Given their stated aims, it seems like a reasonable move – if they’re not going to be able to give the conversation the attention it needs, and especially if they’re facing coordinated astroturfing to undermine their science. They don’t owe anyone a platform.
A politically motivated, decades-long war on expertise has eroded the popular consensus on a wide variety of scientifically validated topics. Everything, from evolution to the origins of climate change, is mistakenly up for grabs again. Scientific certainty is just another thing for two people to “debate” on television. And because comments sections tend to be a grotesque reflection of the media culture surrounding them, the cynical work of undermining bedrock scientific doctrine is now being done beneath our own stories, within a website devoted to championing science.
Has anyone yet tried a pre-mod commenting policy requiring scientific accuracy and cited sources in comments? That could be an interesting community – labour-intensive for the moderators and maintainers, but a fascinating place for expert discussion.
Some years ago, the tech industry set out to redefine our perception of the web. Facebook (and other similar sites) grew at amazing rates and their reasonable focus on the “social network” and the “social graph”, made “social networks” the new kid on the block.
But even though the connections of each individual user are his social network, these sites are not social networks. They are social networking places.
This is an important distinction. They are places, not networks. Much like your office, school, university, the place where you usually spend your summer vacation, the pub where your buddies hang out or your hometown.
And, much like your office, school, university, etc, they all have their own behavioural expectations and norms. When those spaces get big and full of people jostling for room, if they aren’t broken up into their own smaller spaces – or if the partitions are porous – those differing expectations rub up against each other in all sorts of interesting and problematic ways.
The Twitter I have is not the Twitter you have, because we follow different folks and interact with them in our own ways. There are pretty regular examples of this disparity: when people write posts about how Twitter’s changed, it’s no fun any more, but the reality is that it’s just the folks they follow and talk to that have changed how they use it. My Twitter experience doesn’t reflect that – I’m in a different space with different people.
Part of the abuse problem all online spaces face is working out their own norms of behaviour and how to deal with incidents that contravene them. One of the particular problems faced by Twitter and a few others is how to deal with incidents that turn up because of many different, overlapping, interconnected spaces and the different expectations of each one.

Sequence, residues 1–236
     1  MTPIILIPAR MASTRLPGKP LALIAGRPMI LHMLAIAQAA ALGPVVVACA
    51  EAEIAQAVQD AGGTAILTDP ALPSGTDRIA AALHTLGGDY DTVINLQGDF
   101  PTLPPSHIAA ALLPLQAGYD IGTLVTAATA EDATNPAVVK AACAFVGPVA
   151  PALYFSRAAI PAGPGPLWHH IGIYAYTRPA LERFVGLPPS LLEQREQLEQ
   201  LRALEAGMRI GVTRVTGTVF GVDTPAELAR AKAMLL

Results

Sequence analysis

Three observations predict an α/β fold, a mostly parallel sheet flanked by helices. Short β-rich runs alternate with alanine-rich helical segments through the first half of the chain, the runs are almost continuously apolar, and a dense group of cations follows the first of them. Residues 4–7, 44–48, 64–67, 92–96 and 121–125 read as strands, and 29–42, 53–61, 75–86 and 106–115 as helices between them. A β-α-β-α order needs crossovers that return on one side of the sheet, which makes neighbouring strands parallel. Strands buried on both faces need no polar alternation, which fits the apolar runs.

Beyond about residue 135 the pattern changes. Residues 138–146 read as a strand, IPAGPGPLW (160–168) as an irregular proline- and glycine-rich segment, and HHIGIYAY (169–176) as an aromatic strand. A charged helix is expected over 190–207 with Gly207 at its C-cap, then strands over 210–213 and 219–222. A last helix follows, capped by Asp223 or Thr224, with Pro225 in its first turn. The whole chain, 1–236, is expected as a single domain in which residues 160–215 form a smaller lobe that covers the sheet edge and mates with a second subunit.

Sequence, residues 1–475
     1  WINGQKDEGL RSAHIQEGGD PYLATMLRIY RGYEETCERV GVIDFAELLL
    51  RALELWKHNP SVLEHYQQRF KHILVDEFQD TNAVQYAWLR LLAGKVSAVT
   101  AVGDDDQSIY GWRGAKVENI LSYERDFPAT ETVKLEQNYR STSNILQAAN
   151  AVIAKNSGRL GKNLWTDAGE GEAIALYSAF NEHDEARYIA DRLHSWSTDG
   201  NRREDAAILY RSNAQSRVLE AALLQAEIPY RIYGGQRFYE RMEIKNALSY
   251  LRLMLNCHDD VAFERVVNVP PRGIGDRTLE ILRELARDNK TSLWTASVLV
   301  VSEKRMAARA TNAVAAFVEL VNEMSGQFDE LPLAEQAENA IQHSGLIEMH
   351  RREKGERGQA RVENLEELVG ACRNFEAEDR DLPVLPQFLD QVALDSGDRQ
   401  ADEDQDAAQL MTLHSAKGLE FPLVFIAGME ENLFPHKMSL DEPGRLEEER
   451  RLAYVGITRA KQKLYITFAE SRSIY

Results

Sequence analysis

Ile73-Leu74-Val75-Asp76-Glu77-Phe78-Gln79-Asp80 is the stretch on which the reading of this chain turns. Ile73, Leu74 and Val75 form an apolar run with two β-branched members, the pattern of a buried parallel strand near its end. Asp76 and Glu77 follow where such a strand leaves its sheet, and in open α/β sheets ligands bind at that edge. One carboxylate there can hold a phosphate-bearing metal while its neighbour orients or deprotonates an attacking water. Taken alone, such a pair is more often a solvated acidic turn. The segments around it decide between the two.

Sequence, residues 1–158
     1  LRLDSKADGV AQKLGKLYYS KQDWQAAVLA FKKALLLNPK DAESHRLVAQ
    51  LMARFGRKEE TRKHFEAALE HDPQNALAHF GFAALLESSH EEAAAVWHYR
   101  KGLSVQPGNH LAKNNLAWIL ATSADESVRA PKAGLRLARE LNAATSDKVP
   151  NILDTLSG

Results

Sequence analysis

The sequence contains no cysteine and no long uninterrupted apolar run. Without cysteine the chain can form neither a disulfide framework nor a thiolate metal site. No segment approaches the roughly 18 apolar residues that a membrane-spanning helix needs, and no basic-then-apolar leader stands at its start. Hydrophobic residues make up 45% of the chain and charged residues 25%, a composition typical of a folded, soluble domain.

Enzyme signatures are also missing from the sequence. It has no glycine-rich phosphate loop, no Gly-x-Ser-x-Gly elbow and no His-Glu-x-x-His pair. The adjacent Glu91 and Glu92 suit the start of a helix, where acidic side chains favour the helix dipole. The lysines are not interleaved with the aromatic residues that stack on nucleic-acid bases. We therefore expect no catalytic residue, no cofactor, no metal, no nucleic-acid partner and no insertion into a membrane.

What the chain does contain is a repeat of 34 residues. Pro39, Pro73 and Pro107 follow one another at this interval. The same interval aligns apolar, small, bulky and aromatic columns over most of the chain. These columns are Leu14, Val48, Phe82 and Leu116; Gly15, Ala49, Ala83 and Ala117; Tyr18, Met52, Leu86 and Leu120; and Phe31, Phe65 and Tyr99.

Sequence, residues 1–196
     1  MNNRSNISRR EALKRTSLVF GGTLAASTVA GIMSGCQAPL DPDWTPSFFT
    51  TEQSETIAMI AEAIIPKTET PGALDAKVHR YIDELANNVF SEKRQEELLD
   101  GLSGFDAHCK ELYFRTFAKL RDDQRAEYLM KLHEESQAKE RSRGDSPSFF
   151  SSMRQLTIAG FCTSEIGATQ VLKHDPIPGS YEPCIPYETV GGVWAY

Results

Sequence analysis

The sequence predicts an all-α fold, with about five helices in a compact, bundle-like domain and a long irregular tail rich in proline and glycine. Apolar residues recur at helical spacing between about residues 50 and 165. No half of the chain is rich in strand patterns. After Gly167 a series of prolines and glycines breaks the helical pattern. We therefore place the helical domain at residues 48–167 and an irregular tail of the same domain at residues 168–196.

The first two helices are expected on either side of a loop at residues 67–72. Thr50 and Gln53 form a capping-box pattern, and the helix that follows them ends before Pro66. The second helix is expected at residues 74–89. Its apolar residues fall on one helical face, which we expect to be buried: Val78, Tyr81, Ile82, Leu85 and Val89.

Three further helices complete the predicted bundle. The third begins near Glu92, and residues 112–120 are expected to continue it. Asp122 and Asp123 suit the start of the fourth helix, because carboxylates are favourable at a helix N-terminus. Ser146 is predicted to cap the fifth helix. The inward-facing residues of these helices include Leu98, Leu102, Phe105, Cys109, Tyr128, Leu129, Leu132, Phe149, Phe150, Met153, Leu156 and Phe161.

And on practical ways to handle those problems, go read this excellent post by an experienced moderator. It’s too good to quote chunks here.
A thought that follows on from yesterday’s post about Twitter and freedom of speech: it’s easy, I think, to see all the anger and distress caused by online abuse and come to the conclusion that it’s a growing problem. That social spaces online are increasingly hostile to women and other minorities, and that such incidents are increasing in both frequency and severity. In short, it’s easy to think that things are getting worse.
But I don’t believe that’s true. Social spaces online have historically always been fairly unpleasant places to be a visible minority, with notable exceptions. Usenet wasn’t a fun place to be openly female. Neither were early IRC channels (a/s/l and all). Parts of 4chan and Reddit still aren’t. But as online space has become easier to enter, easier to use, more important and less socially obscure, a broader section of society has colonised it. I learned when I was about 12 that you don’t admit your gender online, if you’re female; it’s less than three months since I first felt comfortable using a real picture of my face as my avatar, knowing what that can open you up to.
The evolution over the last couple of years has been that more women and other minorities feel safe enough online to be visible at all, rather than hiding behind the default masculine assumption that comes with anonymity and some pseudonymity. The target pool for abuse is larger, because more people are unafraid to simply be in public.
At the same time, the backlash to such behaviour is more visible and more outspoken. Abuse and threats are increasingly seen as unacceptable. That means more visibility for particularly reprehensible abuse, where a decade ago it would have been more hidden and harder to speak out against. The availability heuristic means people are more likely to overestimate the frequency of abuse now as opposed to abuse years ago, because they can think of more recent visible examples – not necessarily because it’s more frequent, but because it’s more frequently spoken of. It also means that social norms are changing for the better.
Maybe this is too optimistic a take. But I’d like to believe so.
Twitter’s now said it will step up work on a ‘report abuse’ button for individual tweets. That’s a good step, but a button without something connected to it is just a placebo, and in this situation it won’t work unless it links to an action. Xbox Live’s community is enough to prove that abuse reports without enforcement are pointless, and that placebo buttons aren’t enough to deter campaigns of abuse or unpleasant individuals. And Facebook’s trigger-happy abuse policies are enough to prove that automated responses based on volumes of reports aren’t nuanced enough to be appropriate here either.